Reigate

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We spent yesterday in Reigate, a quiet market town in North Surrey. The only camera I had with me was my iPhone so, in the true tradition (if there has been enough time for there to be a tradition) of iPhoneography, I have lightly edited the images on my iPad and uploaded directly from there.

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Reigate has the remains of a castle so I get to continue my series on castles. The castle was built in the eleventh century and fell into decay in the seventeenth. None of the stonework remains but the earthworks have been turned into a pretty, and peaceful garden.

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Underneath the castle gardens is a network of caves. The most well-known, The Barons’ Cave, is reputed to have been a meeting place for the barons who devised the Magna Carta. The stone pyramid in the top photographs guards an underground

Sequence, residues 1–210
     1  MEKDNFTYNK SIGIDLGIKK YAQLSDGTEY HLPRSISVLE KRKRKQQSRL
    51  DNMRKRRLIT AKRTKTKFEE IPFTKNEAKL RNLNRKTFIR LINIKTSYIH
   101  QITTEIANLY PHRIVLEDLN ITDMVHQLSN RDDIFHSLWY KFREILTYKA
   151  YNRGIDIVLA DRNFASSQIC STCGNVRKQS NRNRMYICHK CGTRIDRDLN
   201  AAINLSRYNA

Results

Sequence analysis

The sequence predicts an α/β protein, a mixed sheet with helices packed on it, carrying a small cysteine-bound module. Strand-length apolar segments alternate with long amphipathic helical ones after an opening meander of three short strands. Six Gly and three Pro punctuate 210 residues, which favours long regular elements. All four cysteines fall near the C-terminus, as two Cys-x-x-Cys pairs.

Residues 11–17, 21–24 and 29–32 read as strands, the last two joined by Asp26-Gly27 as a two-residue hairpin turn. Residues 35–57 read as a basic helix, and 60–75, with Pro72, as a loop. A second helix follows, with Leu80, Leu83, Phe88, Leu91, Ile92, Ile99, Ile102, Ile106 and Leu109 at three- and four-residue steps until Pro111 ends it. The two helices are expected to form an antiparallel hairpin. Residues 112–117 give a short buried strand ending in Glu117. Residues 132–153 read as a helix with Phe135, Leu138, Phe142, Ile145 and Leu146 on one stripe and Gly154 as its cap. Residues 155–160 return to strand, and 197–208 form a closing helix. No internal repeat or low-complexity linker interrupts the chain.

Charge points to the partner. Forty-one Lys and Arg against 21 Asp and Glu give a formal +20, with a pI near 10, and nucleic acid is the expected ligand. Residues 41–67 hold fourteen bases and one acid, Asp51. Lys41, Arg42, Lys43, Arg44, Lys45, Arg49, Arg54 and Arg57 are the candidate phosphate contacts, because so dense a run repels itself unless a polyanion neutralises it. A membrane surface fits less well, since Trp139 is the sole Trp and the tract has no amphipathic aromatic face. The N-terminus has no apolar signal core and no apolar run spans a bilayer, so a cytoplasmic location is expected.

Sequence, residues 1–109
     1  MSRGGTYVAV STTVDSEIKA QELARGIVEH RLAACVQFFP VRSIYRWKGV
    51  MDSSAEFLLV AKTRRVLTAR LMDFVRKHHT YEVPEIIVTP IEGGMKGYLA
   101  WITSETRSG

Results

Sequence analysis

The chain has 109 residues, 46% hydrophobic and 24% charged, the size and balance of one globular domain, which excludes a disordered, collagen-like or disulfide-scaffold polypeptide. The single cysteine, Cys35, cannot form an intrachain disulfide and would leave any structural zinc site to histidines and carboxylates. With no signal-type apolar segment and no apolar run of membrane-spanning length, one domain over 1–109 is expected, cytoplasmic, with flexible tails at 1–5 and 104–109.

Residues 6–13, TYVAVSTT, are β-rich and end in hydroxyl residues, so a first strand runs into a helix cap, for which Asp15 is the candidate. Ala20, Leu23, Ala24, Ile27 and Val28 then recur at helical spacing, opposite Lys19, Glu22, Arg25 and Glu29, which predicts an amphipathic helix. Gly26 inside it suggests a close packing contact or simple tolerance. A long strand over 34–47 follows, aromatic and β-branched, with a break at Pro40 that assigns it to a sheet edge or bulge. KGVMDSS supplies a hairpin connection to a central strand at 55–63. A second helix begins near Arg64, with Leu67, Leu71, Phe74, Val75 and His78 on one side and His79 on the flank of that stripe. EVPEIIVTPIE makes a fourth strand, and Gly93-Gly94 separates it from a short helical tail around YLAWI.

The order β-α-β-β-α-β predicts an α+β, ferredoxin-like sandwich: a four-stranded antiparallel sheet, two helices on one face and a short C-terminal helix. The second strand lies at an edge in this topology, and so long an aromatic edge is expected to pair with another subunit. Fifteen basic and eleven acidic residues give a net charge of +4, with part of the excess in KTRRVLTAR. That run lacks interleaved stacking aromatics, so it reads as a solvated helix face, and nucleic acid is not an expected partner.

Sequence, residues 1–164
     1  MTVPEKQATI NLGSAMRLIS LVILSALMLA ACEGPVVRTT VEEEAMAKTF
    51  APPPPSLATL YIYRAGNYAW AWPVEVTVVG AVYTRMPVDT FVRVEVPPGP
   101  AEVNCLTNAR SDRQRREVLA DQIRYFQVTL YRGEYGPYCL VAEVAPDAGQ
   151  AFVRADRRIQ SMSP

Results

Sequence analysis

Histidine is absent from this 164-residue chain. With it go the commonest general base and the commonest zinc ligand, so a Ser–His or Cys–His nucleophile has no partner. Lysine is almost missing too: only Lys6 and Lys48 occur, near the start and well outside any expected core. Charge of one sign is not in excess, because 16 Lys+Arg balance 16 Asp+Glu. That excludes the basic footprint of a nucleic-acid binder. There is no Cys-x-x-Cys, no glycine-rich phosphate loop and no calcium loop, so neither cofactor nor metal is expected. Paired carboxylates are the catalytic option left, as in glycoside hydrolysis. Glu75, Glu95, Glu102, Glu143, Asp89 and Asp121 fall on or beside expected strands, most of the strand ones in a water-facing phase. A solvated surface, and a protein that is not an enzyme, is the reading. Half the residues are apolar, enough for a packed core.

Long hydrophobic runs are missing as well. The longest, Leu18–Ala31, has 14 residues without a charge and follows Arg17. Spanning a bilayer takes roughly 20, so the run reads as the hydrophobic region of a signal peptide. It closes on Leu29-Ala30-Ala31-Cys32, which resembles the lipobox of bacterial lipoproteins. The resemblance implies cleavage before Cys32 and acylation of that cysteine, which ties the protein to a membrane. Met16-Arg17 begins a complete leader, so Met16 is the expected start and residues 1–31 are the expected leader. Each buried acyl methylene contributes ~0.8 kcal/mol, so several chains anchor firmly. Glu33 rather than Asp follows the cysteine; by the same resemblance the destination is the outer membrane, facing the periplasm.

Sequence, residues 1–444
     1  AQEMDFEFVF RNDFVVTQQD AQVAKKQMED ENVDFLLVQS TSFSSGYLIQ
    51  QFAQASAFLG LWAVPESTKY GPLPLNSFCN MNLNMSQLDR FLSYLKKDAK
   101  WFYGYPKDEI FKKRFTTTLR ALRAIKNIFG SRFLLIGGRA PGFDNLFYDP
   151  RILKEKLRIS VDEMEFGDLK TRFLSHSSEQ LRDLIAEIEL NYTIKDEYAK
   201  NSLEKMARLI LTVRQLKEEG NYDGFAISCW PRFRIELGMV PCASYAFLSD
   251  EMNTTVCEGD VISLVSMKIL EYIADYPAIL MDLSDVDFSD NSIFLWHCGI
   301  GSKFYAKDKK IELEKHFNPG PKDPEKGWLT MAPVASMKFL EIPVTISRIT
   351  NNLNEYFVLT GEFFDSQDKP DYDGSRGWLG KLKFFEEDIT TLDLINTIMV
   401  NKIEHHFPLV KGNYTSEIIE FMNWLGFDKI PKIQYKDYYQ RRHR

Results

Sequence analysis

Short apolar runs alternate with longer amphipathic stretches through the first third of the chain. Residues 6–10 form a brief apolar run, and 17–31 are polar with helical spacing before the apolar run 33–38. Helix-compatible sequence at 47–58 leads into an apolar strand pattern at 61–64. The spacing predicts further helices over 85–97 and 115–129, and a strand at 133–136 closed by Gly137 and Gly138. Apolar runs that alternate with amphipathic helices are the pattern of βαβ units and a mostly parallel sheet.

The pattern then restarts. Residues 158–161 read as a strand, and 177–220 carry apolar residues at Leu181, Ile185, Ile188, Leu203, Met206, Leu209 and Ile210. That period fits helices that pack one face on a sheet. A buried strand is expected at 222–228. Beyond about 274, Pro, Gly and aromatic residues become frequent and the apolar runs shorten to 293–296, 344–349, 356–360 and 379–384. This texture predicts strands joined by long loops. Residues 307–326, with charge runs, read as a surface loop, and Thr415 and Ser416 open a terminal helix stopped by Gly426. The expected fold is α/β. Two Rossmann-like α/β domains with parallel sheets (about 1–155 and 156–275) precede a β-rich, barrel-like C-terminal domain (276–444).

sallyport.

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The few remains of the castle were removed in 1777 when the land was converted into a garden. The mock medieval gateway was built at that time.

We thoroughly enjoyed our day in Reigate. The town has a lot of interesting independent shops, a fine array of eateries and an Everyman cinema (in which we saw Prometheus). Best of all, the sun shone: a rare event here this summer!

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Cowdrey Park ruins

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More iphoneography, this time taken today at Cowdrey Park ruins in Midhurst, West Sussex.

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This atmospheric building was once a magnificent Tudor house, visited by both Henry VIII and Elizabeth I.

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Today it is part of the Cowdrey Park Estate, probably most famous for being the home of British polo.